Protest At Troubles Legacy Report Launch

Protests heralded the launch today of an already contentious report outlining new proposals on how to deal with the legacy of the three decades of NI's Troubles.

Specifically attacking the proposed £12,000 payment for families of all those killed as well as terrorists, protesters - including former unionist politician Cedric Wilson and Willie Frazer from victim's group FAIR (see logo) - temporarily disrupted the launch.

The highly visible, though peaceful, protest came after many unionists and some other groups rejected the idea of a payment because it would include republican and loyalist paramilitaries.

TUV Leader Jim Allister was also among a group of people who were holding aloft placards denouncing the group's proposals with heated exchanges taking place as PSNI Chief Constable Sir Hugh Orde and other dignitaries gathered for the launch at the Europa Hotel, in Belfast.

However, report co-author Lord Eames described the money as a "recognition payment" and urged those involved to read the entire document, all 190 pages - and to look at the 30 recommendations that are included.

Lord Eames and Denis Bradley's Consultative Group on the Past, wants a 'Legacy Commission', which would be led by an international figure.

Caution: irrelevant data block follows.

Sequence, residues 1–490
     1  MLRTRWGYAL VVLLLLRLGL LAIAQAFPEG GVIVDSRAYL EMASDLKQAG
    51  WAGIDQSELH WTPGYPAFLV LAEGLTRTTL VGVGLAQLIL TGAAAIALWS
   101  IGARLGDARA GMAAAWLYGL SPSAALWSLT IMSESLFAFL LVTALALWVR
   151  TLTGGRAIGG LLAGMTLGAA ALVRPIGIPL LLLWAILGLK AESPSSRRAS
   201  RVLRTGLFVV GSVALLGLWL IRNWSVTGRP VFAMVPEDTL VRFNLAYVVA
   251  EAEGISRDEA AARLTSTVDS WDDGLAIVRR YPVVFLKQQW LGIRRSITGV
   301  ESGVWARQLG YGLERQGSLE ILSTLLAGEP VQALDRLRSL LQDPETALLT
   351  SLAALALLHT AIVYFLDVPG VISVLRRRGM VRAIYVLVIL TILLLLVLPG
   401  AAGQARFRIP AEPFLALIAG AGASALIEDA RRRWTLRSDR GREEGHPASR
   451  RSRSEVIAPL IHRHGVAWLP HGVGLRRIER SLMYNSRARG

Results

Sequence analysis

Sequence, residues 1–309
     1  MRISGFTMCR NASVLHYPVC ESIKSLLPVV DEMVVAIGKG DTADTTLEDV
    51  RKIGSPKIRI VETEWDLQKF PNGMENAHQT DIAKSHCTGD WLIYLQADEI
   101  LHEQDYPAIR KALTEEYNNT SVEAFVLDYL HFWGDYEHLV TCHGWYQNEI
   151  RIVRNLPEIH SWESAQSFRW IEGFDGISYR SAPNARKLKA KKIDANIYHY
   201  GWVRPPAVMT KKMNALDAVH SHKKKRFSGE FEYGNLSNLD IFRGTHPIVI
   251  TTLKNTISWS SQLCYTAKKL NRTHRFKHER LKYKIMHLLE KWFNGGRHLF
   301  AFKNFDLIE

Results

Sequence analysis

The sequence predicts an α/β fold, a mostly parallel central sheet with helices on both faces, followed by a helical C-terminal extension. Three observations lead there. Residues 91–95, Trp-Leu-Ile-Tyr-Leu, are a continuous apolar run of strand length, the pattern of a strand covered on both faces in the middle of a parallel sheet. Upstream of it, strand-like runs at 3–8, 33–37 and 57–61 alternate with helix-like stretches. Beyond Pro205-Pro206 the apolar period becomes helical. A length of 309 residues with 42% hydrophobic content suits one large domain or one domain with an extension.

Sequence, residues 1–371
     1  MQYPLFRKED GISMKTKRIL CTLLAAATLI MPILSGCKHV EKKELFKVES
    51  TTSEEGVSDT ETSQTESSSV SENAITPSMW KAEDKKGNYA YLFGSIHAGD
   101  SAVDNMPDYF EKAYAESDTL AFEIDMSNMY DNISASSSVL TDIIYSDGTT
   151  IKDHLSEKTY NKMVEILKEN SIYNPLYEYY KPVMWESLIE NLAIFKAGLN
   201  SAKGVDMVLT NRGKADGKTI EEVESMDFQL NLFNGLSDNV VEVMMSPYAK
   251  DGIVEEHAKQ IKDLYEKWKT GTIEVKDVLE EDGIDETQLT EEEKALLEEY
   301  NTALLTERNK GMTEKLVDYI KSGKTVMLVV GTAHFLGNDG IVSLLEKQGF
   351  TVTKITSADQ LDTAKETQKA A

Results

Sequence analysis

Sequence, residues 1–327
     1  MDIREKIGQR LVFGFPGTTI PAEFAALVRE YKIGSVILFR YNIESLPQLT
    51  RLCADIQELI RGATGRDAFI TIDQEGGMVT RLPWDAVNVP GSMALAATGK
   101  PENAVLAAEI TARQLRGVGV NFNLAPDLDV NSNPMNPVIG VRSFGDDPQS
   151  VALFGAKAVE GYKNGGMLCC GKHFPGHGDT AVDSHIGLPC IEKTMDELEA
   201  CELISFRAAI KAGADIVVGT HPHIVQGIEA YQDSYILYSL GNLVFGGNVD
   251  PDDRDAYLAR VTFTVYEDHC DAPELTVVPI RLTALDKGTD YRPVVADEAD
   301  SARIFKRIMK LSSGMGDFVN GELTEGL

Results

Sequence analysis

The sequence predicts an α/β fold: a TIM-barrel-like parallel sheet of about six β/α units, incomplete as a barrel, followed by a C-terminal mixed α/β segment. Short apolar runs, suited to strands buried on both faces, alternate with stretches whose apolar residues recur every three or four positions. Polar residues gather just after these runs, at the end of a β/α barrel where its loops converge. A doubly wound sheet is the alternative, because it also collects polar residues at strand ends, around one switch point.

This morning they said that the commission would take over the work currently carried out by the NI Police Ombudsman, which investigates complaints against the police, and the Historical Enquiries Team, a specialist police unit set up to investigate unsolved killings throughout the Troubles.

Former Church of Ireland Primate Lord Eames said it was a "challenging and complex report" on what was "too important an issue for instant responses".

"When we undertook this work, we were under no illusions that it would be extremely difficult for our society to escape the dark shadows of the past," he said.

Key among the other ideas put forward alongside the proposed Legacy Commission - which would last five years with a £100m bursary to tackle the tasks of securing reconciliation, justice and information recovery - are the outlines of a new Reconciliation Forum to help the Legacy Commission and the existing Commission for Victims and Survivors for Northern Ireland; the controversal £12,000 "recognition payment" and a new Review and Investigation Unit to replace the police Historical Enquiries Team and the Police Ombudsman's unit dealing with historical cases.

The body also suggested there should be no new public inquiries, and although not proposing an amnesty for crimes linked to the conflict, it recommended the Legacy Commission should make proposals on how "a line might be drawn".

In addition, an annual 'Day of Reflection and Reconciliation' and a shared memorial to the conflict has been proposed.


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